In July of 2020, an expert committee constituted by the Ministry of Electronics and Information Technology to study various issues relating to non-personal data and to make specific suggestions for consideration of the Central Government on the regulation of Non-Personal Data issued a report on Non-Personal Data Governance Framework (NPDGF). Non-Personal Data is defined as any data that is not personal data (data pertaining to characteristics, traits or attributes of identity, which can be used to identify an individual).
Through this document, we are being told how important a data-driven economy is and how regulatory protectionist measures are the only way to compete with large American platform companies.
The NPDGF combines the immensity of ambition with the scarcity of architectural clarity and legal coherence. It imagines a political economy for "non-personal" data in India, maximalist when it comes to government control and minimalist concerning the rule of law. Its definitions and categorizations are notably vague; its analysis of the relations between its proposals and existing legal rights is non-existent. Here we try to highlight a few problematic areas of this framework.
a) The report does not define rigorously the line between personal and non-personal data. Its examples and illustrations, which are chosen apparently at random throughout the report, suggest that any personal data can be reclassified as non-personal data by applying ineffective "anonymization" techniques that scholars in the field have repeatedly shown do not work. The report proposes to treat hospitals and other health care deliverers, for example, as "Data Businesses" who can be compelled to publish meta-data and satisfy third-party commercial requests (on terms to be fixed by government authorities). But the data involved is derived from individual health records, among the most sensitive and personal forms of personal data. These and other similar passages imply that "deriving" data from personal data extinguishes individual rights of privacy. Merely including a clause for consent to be given by the data principal for anonymization will not be sufficient to protect her interests.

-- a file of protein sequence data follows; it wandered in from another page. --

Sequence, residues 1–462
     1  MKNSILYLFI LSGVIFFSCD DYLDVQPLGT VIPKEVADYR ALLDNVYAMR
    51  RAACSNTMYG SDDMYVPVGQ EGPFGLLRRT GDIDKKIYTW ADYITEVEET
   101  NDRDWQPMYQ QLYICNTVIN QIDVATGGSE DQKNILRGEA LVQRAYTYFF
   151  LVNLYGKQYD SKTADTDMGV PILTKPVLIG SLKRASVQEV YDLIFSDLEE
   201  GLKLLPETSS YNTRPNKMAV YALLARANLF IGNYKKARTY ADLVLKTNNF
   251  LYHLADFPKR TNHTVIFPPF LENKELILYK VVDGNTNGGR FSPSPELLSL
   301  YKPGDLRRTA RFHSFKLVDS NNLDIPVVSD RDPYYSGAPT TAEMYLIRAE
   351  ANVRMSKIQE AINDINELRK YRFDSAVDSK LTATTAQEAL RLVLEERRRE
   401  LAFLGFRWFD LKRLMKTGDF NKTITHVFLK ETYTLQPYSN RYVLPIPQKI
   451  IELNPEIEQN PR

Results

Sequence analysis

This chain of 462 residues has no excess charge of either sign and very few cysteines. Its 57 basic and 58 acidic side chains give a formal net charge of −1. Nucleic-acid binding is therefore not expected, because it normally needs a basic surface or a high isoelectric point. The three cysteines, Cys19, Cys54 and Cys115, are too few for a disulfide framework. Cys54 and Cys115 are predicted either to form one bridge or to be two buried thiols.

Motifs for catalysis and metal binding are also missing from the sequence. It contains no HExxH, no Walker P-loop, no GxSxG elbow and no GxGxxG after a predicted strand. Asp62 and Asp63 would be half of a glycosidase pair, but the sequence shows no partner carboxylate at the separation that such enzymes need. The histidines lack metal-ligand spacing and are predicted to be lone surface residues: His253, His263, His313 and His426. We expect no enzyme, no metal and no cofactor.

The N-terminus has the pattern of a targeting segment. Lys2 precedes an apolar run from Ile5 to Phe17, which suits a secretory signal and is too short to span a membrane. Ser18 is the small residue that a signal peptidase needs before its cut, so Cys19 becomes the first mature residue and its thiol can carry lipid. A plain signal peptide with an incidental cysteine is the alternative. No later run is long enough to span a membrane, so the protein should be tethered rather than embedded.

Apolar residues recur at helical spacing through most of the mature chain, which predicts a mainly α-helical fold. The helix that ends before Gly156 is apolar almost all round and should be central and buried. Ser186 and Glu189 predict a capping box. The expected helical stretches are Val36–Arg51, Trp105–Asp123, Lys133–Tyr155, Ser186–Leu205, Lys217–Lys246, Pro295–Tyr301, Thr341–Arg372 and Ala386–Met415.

b) The report also states that data "derived from public sources" is all public data, as though subject to a kind of "data copyleft" that exists nowhere else in the world's legal systems. The process of "deriving," "processing," or "aggregating" data is the central puzzle in the law of data-sharing. The report gives no analytic account of how the law should treat data derivation. It makes conclusory declarations instead.
c) The report imagines a public data authority empowered to enforce the sharing of "non-public data" by private parties who have collected or generated it, with the power to order unwilling parties to share if the requests are "justified." No substantive provisions of law, or process for judicial review are proposed to qualify this extra-constitutional discretion, which threatens to infringe on both the fundamental rights of privacy and free expression.
d) The report makes no effort to assess the interaction between its broad compulsory licensing system and existing legal rights protected by patent, copyright, and trade secret law. The report appears to establish a comprehensive trade secret legislation in India for the first time, by giving an administrative authority complete unreviewable discretion to order the disclosure and permit the commercial appropriation of commercial secrets.
e) The report imagines a new domain of community data. It anticipates granting government authority complete discretion to identify and set the boundaries of "communities," and to empower individuals to act as the "guardians" or "beneficial owners" of this community data, at government discretion. This "corporatism," in which government defines communities possessing new legal rights and arbitrarily determines the community's legal leadership, is explicitly anti-democratic, though dressed in "will of the people" populist garb.
f) The intended effect of this report's proposals is an immense social subsidy to Indian commercial powers pursuing large-scale data mining. All other parties in the economy collecting significant non-public data could be required to publish indexes of their collections (called "metadata" by the report) and to furnish those collections to requesting businesses, potentially on government order, on government-established terms. No analysis is offered as to the likely effect on competition, presumably to avoid emphasizing the enormous transfer of wealth to the largest Indian data miners that would result.
The report is an ingenious and ambitious plea for immense social and government subsidy for the creation of local data-mining consortiums. Everyone else in the economy who collects data would be put to gathering their ore, to be sold to them at government-set prices on government-decreed terms. In the process of adopting the narrow self-interested views of the aspiring oligarchs, the report raises important issues and presents starting points for discussion by the broader ecosystem of experts in policy and law whose views are not incorporated. As an initial contribution to that larger dialogue, the report is valuable. As a basis for policy-making, it is too grandiose, vague, and one-sided to be useful.
About the authors: Mishi Choudhary is a technology lawyer and online civil liberties activist working in the United States and India. She is the Legal Director at the Software Freedom Law Center and the Founder of SFLC.in. Prasanth Sugathan is the Legal Director at Software Freedom Law Center, India (sflc.in).